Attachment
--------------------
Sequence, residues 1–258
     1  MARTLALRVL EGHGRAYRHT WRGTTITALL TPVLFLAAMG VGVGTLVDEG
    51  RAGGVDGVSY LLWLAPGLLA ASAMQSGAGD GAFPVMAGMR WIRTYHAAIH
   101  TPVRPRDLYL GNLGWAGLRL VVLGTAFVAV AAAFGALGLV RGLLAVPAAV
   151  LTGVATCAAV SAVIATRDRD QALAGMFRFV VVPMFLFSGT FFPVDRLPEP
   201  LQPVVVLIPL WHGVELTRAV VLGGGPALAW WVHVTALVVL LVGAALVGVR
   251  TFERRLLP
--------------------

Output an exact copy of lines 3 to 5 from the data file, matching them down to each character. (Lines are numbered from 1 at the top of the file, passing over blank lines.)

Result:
    51  RAGGVDGVSY LLWLAPGLLA ASAMQSGAGD GAFPVMAGMR WIRTYHAAIH
   101  TPVRPRDLYL GNLGWAGLRL VVLGTAFVAV AAAFGALGLV RGLLAVPAAV
   151  LTGVATCAAV SAVIATRDRD QALAGMFRFV VVPMFLFSGT FFPVDRLPEP